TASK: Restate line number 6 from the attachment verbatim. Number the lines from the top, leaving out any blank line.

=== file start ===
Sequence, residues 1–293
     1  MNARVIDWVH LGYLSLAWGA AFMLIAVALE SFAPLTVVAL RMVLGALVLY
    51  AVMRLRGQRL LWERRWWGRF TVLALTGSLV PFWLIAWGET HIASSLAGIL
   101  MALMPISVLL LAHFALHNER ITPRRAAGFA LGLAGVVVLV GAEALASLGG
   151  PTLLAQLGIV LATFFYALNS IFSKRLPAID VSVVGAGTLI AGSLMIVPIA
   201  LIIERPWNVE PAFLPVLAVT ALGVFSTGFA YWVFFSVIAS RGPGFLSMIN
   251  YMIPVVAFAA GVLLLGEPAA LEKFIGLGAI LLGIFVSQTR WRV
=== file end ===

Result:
   201  LIIERPWNVE PAFLPVLAVT ALGVFSTGFA YWVFFSVIAS RGPGFLSMIN